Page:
A note on practical use: Except for educational purposes, the priests never link only two pages by “Magiscribe”; instead one pile of sheets is linked to another pile. This is quite sensible since a single sheet of paper is quickly filled, and it would be rather tedious to continuously send new pages to the receiving or sending stations. (In the earliest days of this blessing, only a pair of sheets could ever be linked. The priests were busy for days collecting a sufficiently large amount of pairs to distribute.)

Today nearly all Darawk temples are connected via magiscribe and offer their services to the populace. For a relatively small fee you can register yourself as a regular customer at a temple, receive your proper magiscribe address, and from that point onward, everyone around Gushémal can send messages to you via the magiscribe system. (The fees demanded for the delivery of a message vary from temple to temple. They are always dictated by the question of how many letters there are in the message and to how many receiving stations they are sent.) 

 

Dictate Blessing

This blessing appears similar to “Magicopy” and “Magiscribe”, but apparently it demands an entirely different technique. The effect is that one or several sheets of paper (linked in sequence) are blessed so that the words spoken around them are immediately written down. The style of writing differs; for all I have been able to ascertain, it is the writing of the priest casting the spell.

Few Darawk priests use this spell themselves. Only the older ones are no longer nimble enough with their fingers to write themselves and require the usage of “Dictation”.

To the financial benefit of each temple, the blessing does not require that a Darawk priest dictates words onto the paper. It reacts to any understandable word – in all languages that the casting cleric herself knows. Therefore these pages are commonly sold at the temple, in a soundproof envelope. Once the sheet is removed from the envelope, it will immediately begin to record the words said around it.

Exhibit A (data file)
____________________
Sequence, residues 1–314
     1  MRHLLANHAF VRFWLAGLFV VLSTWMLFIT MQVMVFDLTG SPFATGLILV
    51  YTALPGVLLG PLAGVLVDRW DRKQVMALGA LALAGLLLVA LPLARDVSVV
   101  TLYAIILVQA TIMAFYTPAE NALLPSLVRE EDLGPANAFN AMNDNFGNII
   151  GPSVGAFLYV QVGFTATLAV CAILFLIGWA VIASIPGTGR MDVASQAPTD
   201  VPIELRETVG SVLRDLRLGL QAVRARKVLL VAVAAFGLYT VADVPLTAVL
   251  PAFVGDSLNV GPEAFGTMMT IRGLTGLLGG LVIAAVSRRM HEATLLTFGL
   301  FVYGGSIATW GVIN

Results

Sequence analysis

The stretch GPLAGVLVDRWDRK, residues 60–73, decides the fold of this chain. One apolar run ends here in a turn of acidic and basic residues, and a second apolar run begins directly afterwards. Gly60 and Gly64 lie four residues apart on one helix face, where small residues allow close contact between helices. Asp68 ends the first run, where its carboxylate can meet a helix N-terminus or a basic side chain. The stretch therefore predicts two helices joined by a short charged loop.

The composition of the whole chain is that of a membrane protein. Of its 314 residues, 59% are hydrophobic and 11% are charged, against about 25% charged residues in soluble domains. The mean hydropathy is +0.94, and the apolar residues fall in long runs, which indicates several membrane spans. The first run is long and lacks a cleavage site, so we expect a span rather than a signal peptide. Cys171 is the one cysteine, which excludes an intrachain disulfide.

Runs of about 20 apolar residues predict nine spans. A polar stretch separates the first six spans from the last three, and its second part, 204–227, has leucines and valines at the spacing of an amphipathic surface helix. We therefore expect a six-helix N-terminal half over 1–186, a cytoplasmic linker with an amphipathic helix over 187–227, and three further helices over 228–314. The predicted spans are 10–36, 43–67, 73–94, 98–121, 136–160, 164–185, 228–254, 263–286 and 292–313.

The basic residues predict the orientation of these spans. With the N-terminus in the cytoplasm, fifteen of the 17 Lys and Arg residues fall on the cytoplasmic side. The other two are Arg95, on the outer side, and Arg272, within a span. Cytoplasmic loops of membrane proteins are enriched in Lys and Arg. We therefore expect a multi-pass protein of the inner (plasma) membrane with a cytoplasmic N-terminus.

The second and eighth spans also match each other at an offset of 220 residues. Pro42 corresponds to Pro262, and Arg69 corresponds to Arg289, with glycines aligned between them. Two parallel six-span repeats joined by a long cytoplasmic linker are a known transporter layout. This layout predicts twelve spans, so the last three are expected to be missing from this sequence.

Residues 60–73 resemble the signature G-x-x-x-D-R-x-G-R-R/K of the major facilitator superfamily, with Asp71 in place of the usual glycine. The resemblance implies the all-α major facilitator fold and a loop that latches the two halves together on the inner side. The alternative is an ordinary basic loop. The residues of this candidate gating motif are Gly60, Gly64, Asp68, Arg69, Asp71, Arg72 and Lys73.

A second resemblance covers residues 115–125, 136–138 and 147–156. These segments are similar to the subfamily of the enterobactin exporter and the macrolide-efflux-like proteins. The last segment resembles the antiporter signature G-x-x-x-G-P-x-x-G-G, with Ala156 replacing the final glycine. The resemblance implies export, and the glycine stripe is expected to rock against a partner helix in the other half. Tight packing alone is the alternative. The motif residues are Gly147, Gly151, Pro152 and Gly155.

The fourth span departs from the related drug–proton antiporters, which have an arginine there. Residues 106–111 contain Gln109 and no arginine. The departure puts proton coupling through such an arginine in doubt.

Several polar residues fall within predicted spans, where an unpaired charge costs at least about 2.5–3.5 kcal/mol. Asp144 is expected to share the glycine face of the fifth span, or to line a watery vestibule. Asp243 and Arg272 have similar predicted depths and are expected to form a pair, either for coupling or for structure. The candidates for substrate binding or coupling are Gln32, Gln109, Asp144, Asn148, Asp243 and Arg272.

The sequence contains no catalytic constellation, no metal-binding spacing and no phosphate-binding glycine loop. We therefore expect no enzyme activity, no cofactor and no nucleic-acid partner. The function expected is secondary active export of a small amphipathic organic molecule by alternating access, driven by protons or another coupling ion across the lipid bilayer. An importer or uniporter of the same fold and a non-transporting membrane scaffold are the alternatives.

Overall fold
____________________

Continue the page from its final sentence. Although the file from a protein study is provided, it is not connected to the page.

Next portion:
One usage of course is the dictation of letters, but I personally find that there is an even better one. Taking notes during a discussion is often difficult when tempers flare and voices intermingle too fast to quickly and reliably write down their words. Senate sessions in particular have occasioned much questioning of the notes afterwards when senators complain that their contributions were forgotten.

Using the “Dictation” blessing, there is no such worry. The sheets hear everything and, with a proper variation on the spell, even attribute the correct names.

 

Improve Memory Blessing

This spell enhances the ability of a person to retain information from the point of casting onward. The person is then able to remember events or texts perfectly, to the smallest detail.

The effect of this spell is temporary – how long it lasts depends on the amount of magical energy used. (It should be noted that when a great deal of magic is expended on this spell, it remains temporary – but since the duration equals several centuries, it is virtually permanent memory.)

One alternate application of this blessing is to imprint a permanent memory. In this case, though, the memory must be a very small item, such as a single line of text. Again this depends on the amount of magic employed, and therefore on the power of the casting priest; the more energy is expended, the more can be remembered.

                  

Remember Blessing

This blessing is somewhat similar to “Improve Memory”, but it is not limited to what happens after the spell has been cast. “Remember” opens the venue to all the memories stored in the mind of the target of the blessing, allows the perfect recall of events decades ago.

One can imagine how powerful this spell must be. It is therefore not surprising that the blessing can only be cast by the stronger clerics, at a vast expenditure of magical energy. Even then it is rarely permanent; I know of only a single case in which a permanent spell was cast – and the cleric casting it was the Divine Speaker herself! (That happened about twenty years ago when Eyrolflyan, a priestess of Darawk, held the post of Divine Speaker.)

 

Implant Knowledge Blessing

Yet another variation of the memory blessings is this one which allows a priest to deliver knowledge directly into the mind of a person. To me who understands little of magic, it seems that this spell combines “Magicopy” and the memory blessings, since knowledge is copied from one mind to another.

The source does not have to be the priest casting the blessing. A second person who has the pertinent information can be used as a template from which to copy the knowledge into the destination mind.

There are of course many ways to employ this spell. Perhaps the most valid is the usage at court, when a testimony is in doubt. With this blessing a priest can extract the memories of the crime from the witness and deposit them in the mind of a trustworthy individual who will then relate the correct events.

Naturally this is an intense violation of the sanctity of a person’s mind, and therefore Darawk priests are very reticent applying this blessing to an unwilling participant. It commonly is used in cases of gruesome murder, and then only on the suspect. (If a witness of such a crime is unwilling to re-experience the terrible events consciously, she might agree to be part of the blessing, and the Darawk priest would be sure none of the memories touch her awareness.)